Commentary: Why the U.S. Open is the Year’s Greatest Tournament

It is the hardest tournament of the year, every year.  Northern Irishman Graeme MacDowell won at Pebble last year at even par.  Lucas Glover shot a -4 to win at Bethpage Black and was one of only five players to get below par on the week.  Tiger Woods and Rocco Mediate ended at -1, before Woods claimed his one-legged title at Torrey Pines in 2008.  It’s hard.  We know that.  Hard is its personality.  Hard is the blood in its veins.

The Masters is ABOUT Augusta National – Amen Corner and all the rest of that Jim Nantz bullshit.  The Open Championship is about overcast skies and bump-and-runs, essentially eliminating most of the exciting big-hitters before they hit the first tee on Thursday.  (If a 59 year-old can almost win it, it’s odd.)  The PGA is, well, the PGA.  What the hell is the PGA and when will the PGA put the screws to Augusta and announce the PGA is setting up shop at Sawgrass?

The US Open is about watching the greatest golfers on the planet struggle to play golf.  It’s about Luke Donald three-putting and Lefty failing to rescue a ball from the sand.  It’s about watching the greats breathe a heavy sigh as they walk off the eighteenth green, managing to stay within a few strokes of the par line.  It’s about the course laughing at the field, smiling the way those obnoxious clown structures do on miniature golf courses.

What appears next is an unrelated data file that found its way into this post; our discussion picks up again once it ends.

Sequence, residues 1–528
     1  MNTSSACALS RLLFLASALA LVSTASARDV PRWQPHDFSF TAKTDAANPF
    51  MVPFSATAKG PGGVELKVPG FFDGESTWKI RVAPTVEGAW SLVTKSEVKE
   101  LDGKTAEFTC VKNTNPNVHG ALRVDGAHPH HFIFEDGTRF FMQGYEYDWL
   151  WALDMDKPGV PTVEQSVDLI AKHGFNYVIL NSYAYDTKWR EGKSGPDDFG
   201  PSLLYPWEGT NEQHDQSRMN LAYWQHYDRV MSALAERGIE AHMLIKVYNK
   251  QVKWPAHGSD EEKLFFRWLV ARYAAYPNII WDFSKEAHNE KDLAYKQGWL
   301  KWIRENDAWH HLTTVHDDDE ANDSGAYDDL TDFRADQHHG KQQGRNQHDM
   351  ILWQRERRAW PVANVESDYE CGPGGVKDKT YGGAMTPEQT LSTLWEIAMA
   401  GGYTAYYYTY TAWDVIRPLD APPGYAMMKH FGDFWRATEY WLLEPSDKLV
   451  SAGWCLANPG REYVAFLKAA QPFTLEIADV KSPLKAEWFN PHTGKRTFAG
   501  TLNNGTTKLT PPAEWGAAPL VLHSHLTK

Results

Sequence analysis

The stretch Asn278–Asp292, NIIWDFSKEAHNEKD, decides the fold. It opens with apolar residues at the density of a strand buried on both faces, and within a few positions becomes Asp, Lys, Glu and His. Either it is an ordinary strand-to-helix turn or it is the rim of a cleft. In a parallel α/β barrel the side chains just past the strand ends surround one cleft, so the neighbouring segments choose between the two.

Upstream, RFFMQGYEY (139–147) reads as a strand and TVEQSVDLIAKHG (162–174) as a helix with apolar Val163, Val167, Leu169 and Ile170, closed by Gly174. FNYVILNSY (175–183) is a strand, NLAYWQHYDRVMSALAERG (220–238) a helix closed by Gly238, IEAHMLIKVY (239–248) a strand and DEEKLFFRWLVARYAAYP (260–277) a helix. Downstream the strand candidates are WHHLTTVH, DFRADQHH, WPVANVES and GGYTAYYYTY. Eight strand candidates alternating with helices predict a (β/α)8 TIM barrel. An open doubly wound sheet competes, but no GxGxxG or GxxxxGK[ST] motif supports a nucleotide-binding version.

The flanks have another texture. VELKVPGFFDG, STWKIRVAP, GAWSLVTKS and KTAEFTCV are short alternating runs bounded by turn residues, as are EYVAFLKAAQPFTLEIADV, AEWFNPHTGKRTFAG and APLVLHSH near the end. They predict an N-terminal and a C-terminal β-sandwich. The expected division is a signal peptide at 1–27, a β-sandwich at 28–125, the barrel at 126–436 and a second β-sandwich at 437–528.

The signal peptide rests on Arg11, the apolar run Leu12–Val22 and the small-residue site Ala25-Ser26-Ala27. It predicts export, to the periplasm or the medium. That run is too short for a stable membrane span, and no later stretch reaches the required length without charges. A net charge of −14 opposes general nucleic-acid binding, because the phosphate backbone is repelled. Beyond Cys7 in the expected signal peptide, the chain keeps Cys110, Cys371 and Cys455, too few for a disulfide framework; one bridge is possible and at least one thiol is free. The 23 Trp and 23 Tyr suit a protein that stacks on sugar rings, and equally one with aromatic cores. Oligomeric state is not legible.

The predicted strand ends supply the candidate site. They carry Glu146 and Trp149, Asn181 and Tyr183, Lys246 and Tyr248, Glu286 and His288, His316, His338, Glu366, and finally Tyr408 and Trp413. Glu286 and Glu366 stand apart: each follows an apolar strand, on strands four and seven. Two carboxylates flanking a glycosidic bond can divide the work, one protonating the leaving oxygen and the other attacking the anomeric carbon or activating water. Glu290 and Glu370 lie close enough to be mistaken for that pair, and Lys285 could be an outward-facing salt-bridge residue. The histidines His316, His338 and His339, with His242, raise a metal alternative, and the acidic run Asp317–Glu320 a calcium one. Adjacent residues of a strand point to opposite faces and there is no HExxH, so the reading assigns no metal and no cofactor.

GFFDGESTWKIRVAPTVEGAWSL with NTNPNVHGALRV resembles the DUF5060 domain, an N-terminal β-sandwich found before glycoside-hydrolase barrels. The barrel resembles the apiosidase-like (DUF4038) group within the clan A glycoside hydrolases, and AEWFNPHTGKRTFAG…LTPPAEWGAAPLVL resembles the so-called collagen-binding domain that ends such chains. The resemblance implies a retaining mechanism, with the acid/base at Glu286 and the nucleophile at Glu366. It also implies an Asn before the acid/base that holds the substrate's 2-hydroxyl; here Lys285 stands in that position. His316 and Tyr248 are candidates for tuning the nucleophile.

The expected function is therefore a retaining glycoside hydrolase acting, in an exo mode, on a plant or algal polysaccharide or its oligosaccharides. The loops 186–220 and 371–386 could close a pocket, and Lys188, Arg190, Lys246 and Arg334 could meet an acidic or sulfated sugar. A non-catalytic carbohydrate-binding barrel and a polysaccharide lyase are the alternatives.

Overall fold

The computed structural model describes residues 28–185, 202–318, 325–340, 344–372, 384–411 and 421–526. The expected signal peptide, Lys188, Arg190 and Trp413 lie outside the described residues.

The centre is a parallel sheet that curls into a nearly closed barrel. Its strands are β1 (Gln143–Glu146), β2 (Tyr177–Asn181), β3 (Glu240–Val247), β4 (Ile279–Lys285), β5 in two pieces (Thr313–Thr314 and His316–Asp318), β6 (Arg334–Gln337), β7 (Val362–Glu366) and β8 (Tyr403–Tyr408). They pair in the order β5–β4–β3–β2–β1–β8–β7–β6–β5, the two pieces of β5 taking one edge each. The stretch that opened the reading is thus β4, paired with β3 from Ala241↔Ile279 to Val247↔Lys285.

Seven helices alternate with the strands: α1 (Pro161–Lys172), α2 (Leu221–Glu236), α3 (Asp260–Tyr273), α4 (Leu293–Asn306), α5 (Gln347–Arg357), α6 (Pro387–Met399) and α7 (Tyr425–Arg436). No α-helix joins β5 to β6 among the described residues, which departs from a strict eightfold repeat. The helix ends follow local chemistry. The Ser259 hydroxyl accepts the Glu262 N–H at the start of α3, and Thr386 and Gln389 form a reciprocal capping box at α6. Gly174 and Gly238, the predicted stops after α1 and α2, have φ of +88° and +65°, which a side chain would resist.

The 17th hole is now the 18th hole at Congressional.  It was the 17th when Ernie Els held on in 1997 but because it’s level of difficulty is one of the highest on tour, the folks at Congressional wisely relocated it to the 18 slot.  It is 523 yards.  It is a par 4 that’s posted an average score in the past of 4.41.  It has one of the most difficult approaches in the game, with water hovering around the kidney-shaped green.

One of the hardest holes in the country to finish the hardest tournament.  It’s US Open perfection.  And it means no golf fan should leave the TV as the leader approaches the 72nd on Sunday.

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